Public anxiety and health policy: A psychodynamic perspective

Walsh, Kenneth, Campbell, Steven, Ashby, Michael and Procter, Susan (2016) Public anxiety and health policy: A psychodynamic perspective. Social Theory & Health, 14 (4). pp. 493-509. ISSN 1477-8211

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Abstract

In this article, we explore how the application of organizational psychodynamic theories might improve the understanding of unconscious forces influencing apparently rational and evidence-based processes such as the generation and implementation of health policy. There is a growing body of literature using psychodynamic theories to explore discontinuities in policy-making and the containment of anxiety in organizations. In this article, we focus on the dyadic relationship between policy formation and the media/public response, in particular knee-jerk reactions that can cause ‘U’ turns in policy implementation, and the role of organizational leaders in containing public anxiety. We illustrate this using three contrasting instrumental case examples. Drawing on the seminal work of Isabel Menzies and the psychodynamic literature, we explore how anxiety is manifested in organizations and the role of public institutions as receptacles of public anxiety. We suggest that policy has a latent function of controlling objects into which public anxiety is projected and that we need to understand the sources of this anxiety if more rational policy responses are to ensue. We also explore the implications this has for policy development generally and for the role of senior managers.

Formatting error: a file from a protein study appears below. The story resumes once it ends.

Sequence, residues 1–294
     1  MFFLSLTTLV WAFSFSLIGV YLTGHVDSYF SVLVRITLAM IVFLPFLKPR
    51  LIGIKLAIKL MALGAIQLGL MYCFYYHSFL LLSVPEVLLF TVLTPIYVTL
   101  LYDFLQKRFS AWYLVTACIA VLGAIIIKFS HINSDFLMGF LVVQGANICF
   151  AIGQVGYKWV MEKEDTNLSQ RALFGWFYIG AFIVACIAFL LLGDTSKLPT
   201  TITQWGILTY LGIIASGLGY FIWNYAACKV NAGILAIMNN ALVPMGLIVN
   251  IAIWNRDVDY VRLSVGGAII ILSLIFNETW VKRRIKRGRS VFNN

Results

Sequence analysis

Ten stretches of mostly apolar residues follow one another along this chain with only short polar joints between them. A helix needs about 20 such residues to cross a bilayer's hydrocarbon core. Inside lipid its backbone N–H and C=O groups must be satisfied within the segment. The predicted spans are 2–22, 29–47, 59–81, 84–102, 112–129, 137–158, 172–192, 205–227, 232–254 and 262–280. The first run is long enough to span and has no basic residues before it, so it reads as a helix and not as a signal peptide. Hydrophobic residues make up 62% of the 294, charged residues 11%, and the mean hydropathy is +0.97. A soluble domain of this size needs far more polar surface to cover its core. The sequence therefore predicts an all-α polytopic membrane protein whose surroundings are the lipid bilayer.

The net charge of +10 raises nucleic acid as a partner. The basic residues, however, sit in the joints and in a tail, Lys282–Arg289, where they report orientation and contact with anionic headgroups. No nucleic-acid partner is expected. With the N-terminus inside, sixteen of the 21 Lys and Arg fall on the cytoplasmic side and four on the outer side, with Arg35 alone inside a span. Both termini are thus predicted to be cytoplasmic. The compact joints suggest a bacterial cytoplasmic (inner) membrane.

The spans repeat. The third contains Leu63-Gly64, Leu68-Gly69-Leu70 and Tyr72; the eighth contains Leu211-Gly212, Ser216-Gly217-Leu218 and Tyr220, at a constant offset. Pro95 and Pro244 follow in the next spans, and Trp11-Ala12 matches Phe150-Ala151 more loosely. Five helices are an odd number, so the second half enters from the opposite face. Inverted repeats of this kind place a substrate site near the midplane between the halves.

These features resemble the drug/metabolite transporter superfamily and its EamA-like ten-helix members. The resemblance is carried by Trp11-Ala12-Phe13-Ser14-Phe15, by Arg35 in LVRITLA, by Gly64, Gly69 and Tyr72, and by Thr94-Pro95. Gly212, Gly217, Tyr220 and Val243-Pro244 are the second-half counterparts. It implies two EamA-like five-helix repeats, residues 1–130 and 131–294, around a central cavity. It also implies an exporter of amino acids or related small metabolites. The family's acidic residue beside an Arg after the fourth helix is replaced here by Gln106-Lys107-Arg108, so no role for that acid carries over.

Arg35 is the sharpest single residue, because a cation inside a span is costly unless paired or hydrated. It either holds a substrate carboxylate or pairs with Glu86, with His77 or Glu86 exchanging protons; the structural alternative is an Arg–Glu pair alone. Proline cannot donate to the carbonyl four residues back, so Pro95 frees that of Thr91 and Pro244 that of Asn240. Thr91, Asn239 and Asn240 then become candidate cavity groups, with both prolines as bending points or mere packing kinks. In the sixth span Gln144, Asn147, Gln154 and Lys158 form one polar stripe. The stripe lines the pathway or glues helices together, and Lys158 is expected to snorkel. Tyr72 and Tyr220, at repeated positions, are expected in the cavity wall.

Item Type: Article
Keywords: psychodynamics, health policy, health services, anxiety, defence mechanisms
Divisions: ?? BucksNewUniversity ??
Depositing User: RED Unit Admin
Date Deposited: 24 May 2017 15:20
Last Modified: 11 Dec 2017 19:28
URI: http://bucks.repository.guildhe.ac.uk/id/eprint/15751

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